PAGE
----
In 2017, Nvidia investors set in motion a class-action lawsuit against the chipmaker, accusing it of misleading them about how many of its sales were down to cryptocurrency miners rather than, you know, people who wanted Geralt's hair to look nice or whatever—information that would have allowed said investors to better prepare for the effects of the inevitable cryptocurrency crash. The lawsuit, when it was eventually filed in 2020, alleged that roughly 60 to 70 percent of Nvidia's sales in China were to crypto miners in 2017 and 2018, and that Nvidia kept this information from investors.
Earlier this month, U.S. District Court Judge Haywood Gilliam of the Northern District of California granted Nvidia's request that the lawsuit be dismissed due to a lack of evidence that the company misled anyone. Though Nvidia didn't warn investors that it expected a decline in sales when the bottom fell out of Bitcoin until the first quarter of 2018, it's not like it was secret information. A drop of eight percent in Nvidia's stock price in August 2017 was attributed to fears of the crypto bubble bursting, over a year before the first Bitcoin crash finally came in November of 2018.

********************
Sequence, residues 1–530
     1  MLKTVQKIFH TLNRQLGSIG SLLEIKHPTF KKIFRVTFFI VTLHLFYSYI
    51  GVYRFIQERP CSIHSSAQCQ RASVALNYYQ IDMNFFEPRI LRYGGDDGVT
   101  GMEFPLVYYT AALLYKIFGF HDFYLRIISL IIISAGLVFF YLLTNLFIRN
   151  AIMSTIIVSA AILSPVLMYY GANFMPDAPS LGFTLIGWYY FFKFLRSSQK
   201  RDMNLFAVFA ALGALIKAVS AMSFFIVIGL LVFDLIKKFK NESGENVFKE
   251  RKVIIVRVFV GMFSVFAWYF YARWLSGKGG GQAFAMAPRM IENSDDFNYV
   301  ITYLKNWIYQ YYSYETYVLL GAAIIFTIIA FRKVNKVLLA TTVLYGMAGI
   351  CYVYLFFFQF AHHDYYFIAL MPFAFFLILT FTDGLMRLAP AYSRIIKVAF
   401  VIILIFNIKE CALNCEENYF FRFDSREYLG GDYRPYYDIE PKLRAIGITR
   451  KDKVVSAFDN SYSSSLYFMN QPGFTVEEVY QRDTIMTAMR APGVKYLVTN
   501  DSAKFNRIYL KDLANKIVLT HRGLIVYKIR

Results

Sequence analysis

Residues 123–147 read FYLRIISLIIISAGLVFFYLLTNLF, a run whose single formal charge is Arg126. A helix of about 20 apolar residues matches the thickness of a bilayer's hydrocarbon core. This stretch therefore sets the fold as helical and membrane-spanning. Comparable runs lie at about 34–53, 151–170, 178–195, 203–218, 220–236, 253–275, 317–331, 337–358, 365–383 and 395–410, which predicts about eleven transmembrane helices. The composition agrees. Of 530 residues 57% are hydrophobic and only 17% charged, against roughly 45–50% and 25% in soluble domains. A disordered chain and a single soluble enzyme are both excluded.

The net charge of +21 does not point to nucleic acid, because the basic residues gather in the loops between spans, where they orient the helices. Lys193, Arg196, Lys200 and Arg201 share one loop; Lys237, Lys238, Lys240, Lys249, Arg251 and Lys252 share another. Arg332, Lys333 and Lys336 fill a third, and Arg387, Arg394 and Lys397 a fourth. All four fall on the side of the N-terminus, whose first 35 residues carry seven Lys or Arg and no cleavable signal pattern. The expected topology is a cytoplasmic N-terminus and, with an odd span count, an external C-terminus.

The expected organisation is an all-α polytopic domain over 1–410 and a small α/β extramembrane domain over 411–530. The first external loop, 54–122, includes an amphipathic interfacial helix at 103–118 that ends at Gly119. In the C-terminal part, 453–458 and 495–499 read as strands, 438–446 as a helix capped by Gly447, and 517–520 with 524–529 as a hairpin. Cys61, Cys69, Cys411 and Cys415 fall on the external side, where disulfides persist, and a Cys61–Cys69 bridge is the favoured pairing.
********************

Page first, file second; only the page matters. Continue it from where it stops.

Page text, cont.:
These days Nvidia's GPUs are designed to reduce their value to crypto miners, with the RTX 3060 12GB coming with an Ethereum mining limiter, which could come as standard on future GeForce GPUs.